Doctors often prescribe gabapentin to prevent epilepsy-related seizures and nerve pain. It is generally safe but can have side effects, including blurred vision and behavior changes.

Gabapentin is an anticonvulsant medication that doctors often prescribe to manage seizures related to epilepsy. It is not a cure for epilepsy, but it can help people manage the condition.

In this article, we look at the potential side effects of gabapentin and whether or not they differ between people of different genders. We also cover when to contact a doctor.

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Gabapentin is an anticonvulsant medication that doctors prescribe as an epilepsy treatment to prevent partial seizures.

Gabapentin cannot cure epilepsy, but it helps the brain prevent seizures. This drug can also act as a pain reliever for various conditions that affect the nervous system, such as postherpetic neuralgia, a pain that occurs due to shingles. It can also treat symptoms of restless leg syndrome.

However, doctors do not prescribe gabapentin to treat arthritis pain or acute pain that results from minor injuries.

Gabapentin is only available with a prescription. It comes in the following forms:

  • capsule
  • tablet
  • solution

Gabapentin is a fairly safe medication when people take it according to a doctor’s instructions. However, some people may experience side effects.

Common side effects that generally do not require medical attention include:

  • blurred vision
  • cold or flu-like symptoms
  • delusions
  • dementia
  • hoarseness
  • lack or loss of strength
  • pain in the lower back or side
  • swelling of the hands, feet, or lower legs
  • trembling or shaking

Common side effects that do require medical attention include unsteadiness and back-and-forth or rolling eye movements that are continuous and uncontrolled.

Gabapentin can cause different side effects in children that may require medical attention. These include:

  • aggressive behavior or other behavioral issues
  • anxiety
  • changes in school performance
  • concentration problems
  • crying
  • depression
  • distrust of others
  • false sense of well-being
  • hyperactivity or increase in body movements
  • rapidly changing moods
  • reacting too quickly or overreacting
  • restlessness

According to the authors of a 2010 study paper, people with preexisting kidney disease may experience potentially fatal toxicity when taking gabapentin.

Gabapentin may cause other long-term effects, including memory loss, weakened muscles, and respiratory failure.

Gabapentin can cause some rare but serious side effects. While these are uncommon, people should be aware of them and seek medical attention if needed.

Consult a doctor right away if you experience any of these behavioral changes:

Gabapentin can also affect specific parts of the body and cause serious but rare side effects. These include:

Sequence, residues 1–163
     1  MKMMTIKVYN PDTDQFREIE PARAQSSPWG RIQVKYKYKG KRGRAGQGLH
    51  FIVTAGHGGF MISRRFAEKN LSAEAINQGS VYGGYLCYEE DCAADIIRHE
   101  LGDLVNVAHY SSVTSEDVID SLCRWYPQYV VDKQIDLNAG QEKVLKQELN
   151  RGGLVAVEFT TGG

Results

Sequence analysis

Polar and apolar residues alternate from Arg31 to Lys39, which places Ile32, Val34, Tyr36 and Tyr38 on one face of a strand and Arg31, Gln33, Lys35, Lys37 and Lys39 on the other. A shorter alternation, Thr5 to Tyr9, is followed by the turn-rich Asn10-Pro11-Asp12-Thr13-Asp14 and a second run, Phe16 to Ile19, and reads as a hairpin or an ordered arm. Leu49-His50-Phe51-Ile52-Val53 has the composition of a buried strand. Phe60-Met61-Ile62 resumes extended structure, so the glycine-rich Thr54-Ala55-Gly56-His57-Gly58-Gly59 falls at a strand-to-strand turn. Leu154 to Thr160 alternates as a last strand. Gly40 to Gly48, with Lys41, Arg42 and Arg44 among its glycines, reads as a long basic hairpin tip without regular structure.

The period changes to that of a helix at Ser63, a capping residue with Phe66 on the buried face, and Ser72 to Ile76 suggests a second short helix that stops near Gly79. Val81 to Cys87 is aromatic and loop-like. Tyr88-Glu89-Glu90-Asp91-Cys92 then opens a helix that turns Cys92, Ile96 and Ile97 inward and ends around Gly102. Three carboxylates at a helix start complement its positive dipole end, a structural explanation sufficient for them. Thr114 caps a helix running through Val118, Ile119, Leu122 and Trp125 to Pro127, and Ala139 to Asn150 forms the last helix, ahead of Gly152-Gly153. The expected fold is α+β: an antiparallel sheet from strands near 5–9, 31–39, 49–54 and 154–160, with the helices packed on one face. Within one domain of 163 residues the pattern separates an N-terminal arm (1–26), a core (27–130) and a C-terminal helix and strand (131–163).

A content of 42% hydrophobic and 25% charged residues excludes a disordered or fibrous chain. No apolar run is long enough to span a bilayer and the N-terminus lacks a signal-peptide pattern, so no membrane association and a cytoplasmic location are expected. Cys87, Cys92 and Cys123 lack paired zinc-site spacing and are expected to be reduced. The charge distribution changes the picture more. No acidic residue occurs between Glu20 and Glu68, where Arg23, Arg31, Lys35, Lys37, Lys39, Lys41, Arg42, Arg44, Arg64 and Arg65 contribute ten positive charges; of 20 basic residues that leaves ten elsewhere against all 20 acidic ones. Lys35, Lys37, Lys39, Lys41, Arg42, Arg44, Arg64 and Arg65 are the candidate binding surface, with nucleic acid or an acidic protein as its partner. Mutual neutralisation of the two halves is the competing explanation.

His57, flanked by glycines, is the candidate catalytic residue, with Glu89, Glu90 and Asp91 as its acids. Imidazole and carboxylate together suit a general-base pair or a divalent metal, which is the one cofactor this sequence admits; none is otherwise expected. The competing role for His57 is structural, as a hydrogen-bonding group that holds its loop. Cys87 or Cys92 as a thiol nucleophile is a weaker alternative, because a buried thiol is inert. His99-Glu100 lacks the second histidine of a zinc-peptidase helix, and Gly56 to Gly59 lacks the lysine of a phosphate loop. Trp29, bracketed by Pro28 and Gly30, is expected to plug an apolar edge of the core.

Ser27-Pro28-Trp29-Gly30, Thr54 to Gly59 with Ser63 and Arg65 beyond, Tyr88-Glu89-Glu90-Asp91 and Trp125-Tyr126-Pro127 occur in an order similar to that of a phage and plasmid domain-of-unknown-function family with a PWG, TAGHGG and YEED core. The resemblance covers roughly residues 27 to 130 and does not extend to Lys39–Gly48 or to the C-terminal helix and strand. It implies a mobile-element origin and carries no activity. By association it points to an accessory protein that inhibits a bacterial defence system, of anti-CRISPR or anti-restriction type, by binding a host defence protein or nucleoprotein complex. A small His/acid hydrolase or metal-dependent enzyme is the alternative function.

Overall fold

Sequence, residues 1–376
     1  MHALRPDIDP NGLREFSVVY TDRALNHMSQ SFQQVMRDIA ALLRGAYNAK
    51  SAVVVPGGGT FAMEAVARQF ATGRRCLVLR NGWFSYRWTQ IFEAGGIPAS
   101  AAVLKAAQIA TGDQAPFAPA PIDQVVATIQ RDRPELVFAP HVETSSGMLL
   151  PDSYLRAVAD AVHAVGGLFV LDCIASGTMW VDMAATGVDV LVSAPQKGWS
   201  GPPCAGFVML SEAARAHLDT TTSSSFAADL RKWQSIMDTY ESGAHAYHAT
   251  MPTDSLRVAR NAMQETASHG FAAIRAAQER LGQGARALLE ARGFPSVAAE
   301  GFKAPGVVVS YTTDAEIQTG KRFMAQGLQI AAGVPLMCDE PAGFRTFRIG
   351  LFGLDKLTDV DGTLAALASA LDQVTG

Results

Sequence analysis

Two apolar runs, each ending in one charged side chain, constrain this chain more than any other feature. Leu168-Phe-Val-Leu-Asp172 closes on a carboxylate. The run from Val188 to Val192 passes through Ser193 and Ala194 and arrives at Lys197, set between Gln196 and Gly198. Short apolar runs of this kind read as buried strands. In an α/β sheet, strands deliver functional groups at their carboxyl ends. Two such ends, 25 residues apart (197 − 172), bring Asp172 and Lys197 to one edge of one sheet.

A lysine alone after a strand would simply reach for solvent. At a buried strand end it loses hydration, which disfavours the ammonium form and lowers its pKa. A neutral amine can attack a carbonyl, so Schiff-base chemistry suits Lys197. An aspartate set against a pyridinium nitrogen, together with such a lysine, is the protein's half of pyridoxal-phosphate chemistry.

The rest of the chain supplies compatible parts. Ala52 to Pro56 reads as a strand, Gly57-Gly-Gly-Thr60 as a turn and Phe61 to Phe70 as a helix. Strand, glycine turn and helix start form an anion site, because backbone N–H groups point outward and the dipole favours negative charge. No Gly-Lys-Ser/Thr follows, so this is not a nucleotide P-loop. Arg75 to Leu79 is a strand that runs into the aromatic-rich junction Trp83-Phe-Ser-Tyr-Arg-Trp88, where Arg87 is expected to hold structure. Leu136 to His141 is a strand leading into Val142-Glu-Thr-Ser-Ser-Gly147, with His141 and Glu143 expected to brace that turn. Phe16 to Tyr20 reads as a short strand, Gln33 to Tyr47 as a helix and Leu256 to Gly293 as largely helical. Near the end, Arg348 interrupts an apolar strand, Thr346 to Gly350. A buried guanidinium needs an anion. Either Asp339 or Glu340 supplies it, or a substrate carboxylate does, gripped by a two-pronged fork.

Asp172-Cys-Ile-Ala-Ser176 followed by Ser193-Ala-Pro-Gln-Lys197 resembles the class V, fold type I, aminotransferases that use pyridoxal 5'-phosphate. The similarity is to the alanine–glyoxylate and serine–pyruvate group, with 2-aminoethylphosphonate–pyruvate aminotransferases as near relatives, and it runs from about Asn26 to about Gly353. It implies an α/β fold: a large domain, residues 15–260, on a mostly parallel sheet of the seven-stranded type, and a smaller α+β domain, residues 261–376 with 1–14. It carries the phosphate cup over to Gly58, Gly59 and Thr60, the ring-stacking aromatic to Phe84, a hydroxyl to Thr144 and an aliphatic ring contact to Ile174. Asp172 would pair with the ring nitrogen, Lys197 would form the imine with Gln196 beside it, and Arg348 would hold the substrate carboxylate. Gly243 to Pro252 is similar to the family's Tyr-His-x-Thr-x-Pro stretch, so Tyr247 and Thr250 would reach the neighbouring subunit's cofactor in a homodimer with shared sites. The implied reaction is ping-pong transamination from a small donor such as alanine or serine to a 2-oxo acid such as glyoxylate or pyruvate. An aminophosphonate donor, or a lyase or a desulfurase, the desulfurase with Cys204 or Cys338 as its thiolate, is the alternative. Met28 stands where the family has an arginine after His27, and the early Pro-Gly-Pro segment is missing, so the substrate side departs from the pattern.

Kidney abnormalities

A person may experience symptoms related to kidney abnormalities, such as:

Other abnormalities

A person may experience:

  • severe fatigue, tiredness, or weakness
  • unexpected muscle pain
  • long-lasting stomach pain
  • skin color with a bluish tint on the lips, nail beds, toes, or fingers

Allergic reaction

Gabapentin can cause a severe allergic reaction or anaphylaxis. Symptoms of an allergic reaction to gabapentin include:

Call your doctor right away if you experience signs of an allergic reaction to gabapentin. Call 911 if these symptoms appear life threatening.

There is a lack of scientific research comparing the effects of gabapentin in people of different genders. However, the 2011 drug label for the Neurontin brand of gabapentin, which the Food and Drug Administration (FDA) approved, states that “there are no significant gender differences.”

The only difference may relate to sexual dysfunction. According to a 2002 article in The American Journal of Psychiatry, people of any gender may lose the ability to orgasm after taking gabapentin. However, only women have also reported experiencing a lack of libido.

A more recent study confirms this possible side effect at doses of only 300 milligrams per day.

Gabapentin is only available on prescription, so people will need to visit a doctor to obtain this medication.

It is vital to discuss the potential side effects of gabapentin, as well as any necessary precautions, with the doctor. A doctor will likely:

  • offer dietary and lifestyle advice, particularly if weight gain from gabapentin is a concern
  • advise the individual not to drive or operate heavy machinery while taking gabapentin
  • recommend over-the-counter medications that can help with some common side effects

People already taking the medication should contact a doctor if the side effects become bothersome. It is important not to stop gabapentin treatment without speaking with a doctor first. Suddenly stopping the drug can lead to withdrawal, seizures, and other serious problems.

A doctor can offer advice on managing side effects and provide medical supervision to allow a person to start or stop taking the medication safely.